What do you get out of following Jesus?

   In this life, there are many aspects we crave for assurances on. We want to have promised to us a safe dwelling to call home, a stable source of good food. We also desire more intangible things — security for ourselves and loved ones, stable employment, happiness, the opportunity to socialize with those we share interests in.

   All of the above are important to most of us. All the above are, at times, not easy to achieve alone. On this note, which of the above does Jesus support us in achieving?

   None of the above.

   In fact, He is very direct about this reality with prospective disciples and followers in Matthew 8:19-20:

A scribe then approached and said, “Teacher, I will follow you wherever you go.” And Jesus said to him, “Foxes have holes, and birds of the air have nests; but the Son of Man has nowhere to lay his head.”

   Jesus refuses to promise this scribe, a man who wishes to follow Jesus through His journey, even a place to sleep each night. This is not what Jesus is there to offer him.

   Jesus, in multiple situations, works to disillusion those coming to Him of their ideas of prosperity. Many came to Christ looking for worldly benefits. Those same individuals commonly left Christ crestfallen. He did not offer them what they were seeking. Think on the young man who came to Jesus in Matthew 19:21-22:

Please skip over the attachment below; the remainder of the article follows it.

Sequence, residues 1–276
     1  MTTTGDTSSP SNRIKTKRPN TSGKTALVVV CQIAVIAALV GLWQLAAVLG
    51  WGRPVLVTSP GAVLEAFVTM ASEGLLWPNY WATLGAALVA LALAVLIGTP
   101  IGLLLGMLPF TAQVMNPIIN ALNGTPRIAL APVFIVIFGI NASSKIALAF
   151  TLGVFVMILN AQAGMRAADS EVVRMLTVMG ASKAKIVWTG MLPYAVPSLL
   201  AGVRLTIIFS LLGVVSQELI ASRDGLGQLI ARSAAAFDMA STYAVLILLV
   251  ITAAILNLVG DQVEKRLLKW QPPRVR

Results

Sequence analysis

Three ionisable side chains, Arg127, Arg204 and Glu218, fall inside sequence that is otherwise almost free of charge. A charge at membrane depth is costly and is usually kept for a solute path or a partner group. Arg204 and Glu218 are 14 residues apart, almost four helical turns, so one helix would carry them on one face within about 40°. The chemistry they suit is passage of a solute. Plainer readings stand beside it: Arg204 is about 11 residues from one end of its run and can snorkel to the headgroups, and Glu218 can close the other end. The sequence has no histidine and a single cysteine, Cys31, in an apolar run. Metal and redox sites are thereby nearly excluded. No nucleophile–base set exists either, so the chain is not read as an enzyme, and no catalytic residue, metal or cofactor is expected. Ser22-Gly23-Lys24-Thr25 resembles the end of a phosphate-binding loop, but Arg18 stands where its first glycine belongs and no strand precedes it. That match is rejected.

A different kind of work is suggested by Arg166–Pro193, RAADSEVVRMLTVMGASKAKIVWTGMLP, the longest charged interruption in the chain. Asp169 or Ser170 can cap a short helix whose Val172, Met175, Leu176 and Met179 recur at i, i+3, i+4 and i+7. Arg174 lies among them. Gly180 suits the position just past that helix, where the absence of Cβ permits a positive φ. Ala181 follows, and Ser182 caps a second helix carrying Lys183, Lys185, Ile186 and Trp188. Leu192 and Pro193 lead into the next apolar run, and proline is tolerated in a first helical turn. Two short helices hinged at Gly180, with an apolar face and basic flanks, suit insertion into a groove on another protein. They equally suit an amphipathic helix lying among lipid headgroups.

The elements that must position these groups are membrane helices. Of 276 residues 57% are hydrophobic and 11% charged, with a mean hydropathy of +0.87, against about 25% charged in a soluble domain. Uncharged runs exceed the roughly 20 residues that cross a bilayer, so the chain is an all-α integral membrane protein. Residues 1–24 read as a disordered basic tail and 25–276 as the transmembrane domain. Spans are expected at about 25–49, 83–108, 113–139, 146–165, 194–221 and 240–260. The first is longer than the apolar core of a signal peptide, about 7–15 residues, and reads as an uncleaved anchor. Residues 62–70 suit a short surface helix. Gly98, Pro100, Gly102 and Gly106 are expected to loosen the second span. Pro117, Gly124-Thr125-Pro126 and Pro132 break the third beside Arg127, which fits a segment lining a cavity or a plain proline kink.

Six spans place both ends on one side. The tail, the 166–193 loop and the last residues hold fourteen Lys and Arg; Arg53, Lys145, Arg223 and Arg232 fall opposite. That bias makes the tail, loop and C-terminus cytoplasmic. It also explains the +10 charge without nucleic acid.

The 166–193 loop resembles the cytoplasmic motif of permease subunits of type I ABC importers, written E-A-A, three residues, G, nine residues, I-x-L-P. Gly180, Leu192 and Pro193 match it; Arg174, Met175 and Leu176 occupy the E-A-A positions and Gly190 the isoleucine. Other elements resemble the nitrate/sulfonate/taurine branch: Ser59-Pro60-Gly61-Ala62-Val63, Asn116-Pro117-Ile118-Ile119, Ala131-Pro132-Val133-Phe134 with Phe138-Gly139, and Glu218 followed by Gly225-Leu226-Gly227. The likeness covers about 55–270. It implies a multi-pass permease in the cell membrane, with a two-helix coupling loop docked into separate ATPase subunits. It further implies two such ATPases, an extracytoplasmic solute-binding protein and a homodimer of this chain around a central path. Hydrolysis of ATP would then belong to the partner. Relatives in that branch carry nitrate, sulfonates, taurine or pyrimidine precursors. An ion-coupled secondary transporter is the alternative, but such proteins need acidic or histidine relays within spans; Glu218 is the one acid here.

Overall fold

Jesus said to him, “If you wish to be perfect, go, sell your possessions, and give the money to the poor, and you will have treasure in heaven; then come, follow me.” When the young man heard this word, he went away grieving, for he had many possessions.

   This young man had such difficulty separating himself from his material wealth, it stopped him from following Christ’s instructions. Many of Jesus’ time were confused as to what He was and was not offering. In fact, this is still such a big problem to this day we have a name for it; “Prosperity Gospel”. Jesus Christ did not come and die to make our earthly days better by any margin. The reason for every day Christ spent with us was to open grace to us and to open our hearts and minds to grace.

   I have had times in my life where difficulties would be convenient to blame upon God. I have had to remind myself my employment hardships, academic struggles, etc. have no bearing on Christ’s relationship to me — these are not the things He offers me, but greater gifts. Gifts which will matter far after my mundane struggles have been forgotten and replaced and forgotten again.


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